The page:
From The Associated Press
YANGON, Myanmar (AP), Media www.rajawalisiber.com — Footage of Myanmar security forces chasing down demonstrators protesting a coup, shooting a civilian at point-blank range and savagely beating others have revealed the extent of a brutal crackdown that saw 38 people shot and killed in a single day.
Despite the shocking violence the day before, protesters returned to the streets Thursday to denounce the military’s Feb. 1 takeover, as many hoped that the increasing death toll would force the international community to take stronger action than it has so far. The U.N. Security Council is scheduled to meet Friday.
U.N. special envoy for Myanmar, Christine Schraner Burgener, described Wednesday as “the bloodiest day” since the takeover, when the military ousted the elected government of leader Aung San Suu Kyi. More than 50 civilians, mostly peaceful protesters, are confirmed to have been killed by police and soldiers since then, including the 38 she said were killed Wednesday.
While details of deaths have been hard to confirm, social media has been flooded with images of security forces targeting protesters and other civilians.
”I saw today very disturbing video clips,” said Schraner Burgener, speaking to reporters at the U.N. in New York via video link from Switzerland. “One was police beating a volunteer medical crew. They were not armed. Another video clip showed a protester was taken away by police and they shot him from very near, maybe only one meter. He didn’t resist to his arrest, and it seems that he died on the street.”
She appeared to be referring to a video shared on social media that begins with a group of security forces following a civilian, who they seem to have just pulled out of a building. A shot rings out, and the person falls. After the person briefly raises their head, two of the troops drag the person down the street by the arms.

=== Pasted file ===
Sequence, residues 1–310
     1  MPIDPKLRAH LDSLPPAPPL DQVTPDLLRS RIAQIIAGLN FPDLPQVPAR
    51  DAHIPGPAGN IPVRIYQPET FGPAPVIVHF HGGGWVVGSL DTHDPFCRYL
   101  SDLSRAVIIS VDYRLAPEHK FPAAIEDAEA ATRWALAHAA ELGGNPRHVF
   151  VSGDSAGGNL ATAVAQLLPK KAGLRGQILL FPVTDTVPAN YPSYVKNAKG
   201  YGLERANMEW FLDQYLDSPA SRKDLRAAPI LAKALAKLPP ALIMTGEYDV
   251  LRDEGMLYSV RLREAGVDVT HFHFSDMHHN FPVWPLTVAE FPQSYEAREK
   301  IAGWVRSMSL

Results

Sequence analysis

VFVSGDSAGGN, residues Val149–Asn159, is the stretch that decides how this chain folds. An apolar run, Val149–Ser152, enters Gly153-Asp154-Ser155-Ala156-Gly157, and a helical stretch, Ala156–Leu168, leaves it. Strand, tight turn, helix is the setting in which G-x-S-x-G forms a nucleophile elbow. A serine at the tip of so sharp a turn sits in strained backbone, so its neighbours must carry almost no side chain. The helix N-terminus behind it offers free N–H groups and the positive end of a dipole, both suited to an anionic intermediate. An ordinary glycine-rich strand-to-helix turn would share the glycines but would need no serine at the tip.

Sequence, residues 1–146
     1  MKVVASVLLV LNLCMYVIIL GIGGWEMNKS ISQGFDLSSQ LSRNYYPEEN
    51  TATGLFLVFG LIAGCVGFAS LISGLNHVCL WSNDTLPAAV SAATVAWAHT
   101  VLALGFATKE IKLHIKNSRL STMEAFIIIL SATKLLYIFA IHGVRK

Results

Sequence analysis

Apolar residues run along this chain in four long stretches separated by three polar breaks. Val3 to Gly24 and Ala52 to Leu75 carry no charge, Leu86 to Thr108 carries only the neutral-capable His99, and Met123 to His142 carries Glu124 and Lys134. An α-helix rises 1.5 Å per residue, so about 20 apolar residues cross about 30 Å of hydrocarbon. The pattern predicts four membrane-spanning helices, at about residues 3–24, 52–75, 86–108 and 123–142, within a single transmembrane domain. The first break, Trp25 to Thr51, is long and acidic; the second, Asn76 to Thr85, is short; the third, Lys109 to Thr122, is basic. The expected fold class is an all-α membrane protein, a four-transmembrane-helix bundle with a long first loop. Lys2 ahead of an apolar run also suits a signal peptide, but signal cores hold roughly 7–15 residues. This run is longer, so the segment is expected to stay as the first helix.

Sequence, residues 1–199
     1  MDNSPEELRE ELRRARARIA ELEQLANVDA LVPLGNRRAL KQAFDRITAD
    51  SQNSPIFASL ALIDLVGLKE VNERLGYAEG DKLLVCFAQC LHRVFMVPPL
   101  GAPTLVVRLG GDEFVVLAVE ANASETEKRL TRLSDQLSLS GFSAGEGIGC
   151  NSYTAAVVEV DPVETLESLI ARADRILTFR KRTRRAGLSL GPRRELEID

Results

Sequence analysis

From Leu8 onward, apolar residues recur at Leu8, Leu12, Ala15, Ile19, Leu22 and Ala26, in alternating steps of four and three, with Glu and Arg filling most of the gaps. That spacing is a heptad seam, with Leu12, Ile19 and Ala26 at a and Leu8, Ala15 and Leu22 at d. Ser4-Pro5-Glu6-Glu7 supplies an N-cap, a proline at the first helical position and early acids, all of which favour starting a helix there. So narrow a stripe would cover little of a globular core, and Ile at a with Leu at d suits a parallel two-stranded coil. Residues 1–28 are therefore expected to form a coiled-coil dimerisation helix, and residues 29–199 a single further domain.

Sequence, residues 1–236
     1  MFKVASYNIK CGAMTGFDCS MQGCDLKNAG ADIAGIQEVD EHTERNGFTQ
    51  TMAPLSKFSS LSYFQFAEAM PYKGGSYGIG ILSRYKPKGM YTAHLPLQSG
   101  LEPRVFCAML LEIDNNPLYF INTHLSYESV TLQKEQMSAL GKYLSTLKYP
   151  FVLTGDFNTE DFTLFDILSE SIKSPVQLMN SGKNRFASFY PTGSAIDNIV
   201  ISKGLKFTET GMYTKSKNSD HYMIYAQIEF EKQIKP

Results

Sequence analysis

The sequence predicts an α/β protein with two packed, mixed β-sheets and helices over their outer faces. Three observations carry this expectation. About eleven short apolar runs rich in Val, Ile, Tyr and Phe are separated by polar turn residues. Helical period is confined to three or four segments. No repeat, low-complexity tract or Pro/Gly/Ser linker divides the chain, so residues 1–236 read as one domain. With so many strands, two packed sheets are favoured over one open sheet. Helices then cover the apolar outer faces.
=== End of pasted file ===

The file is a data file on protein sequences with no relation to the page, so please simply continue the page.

In other footage, which appears to be pulled from a security camera, about two dozen security forces, some with their firearms drawn, chase two people wearing the construction helmets donned by many protesters down a street. When they catch up to the people, they repeatedly beat them with rods and kick them. One of the officers, who appears to offer direction to some of his comrades at one point, is filming the brutality on his cell phone.
In another video, several police officers repeatedly kick and hit a person with rods, while the person cowers on the ground, hands over their head. Officers move in and out of the frame, getting a few kicks in and then casually walking away.
Wednesday’s shocking death toll and the sheer volume of footage of brutality sparked outrage, with State Department spokesman Ned Price saying the U.S. was “appalled” at the images of “horrific violence” and the U.N.’s independent expert on human rights in Myanmar, Tom Andrews, saying the “systematic brutality of the military junta is once again on horrific display.”
“I urge members of the UN Security Council to view the photos/videos of the shocking violence being unleashed on peaceful protesters before meeting in Friday’s close-door session,” he said on Twitter.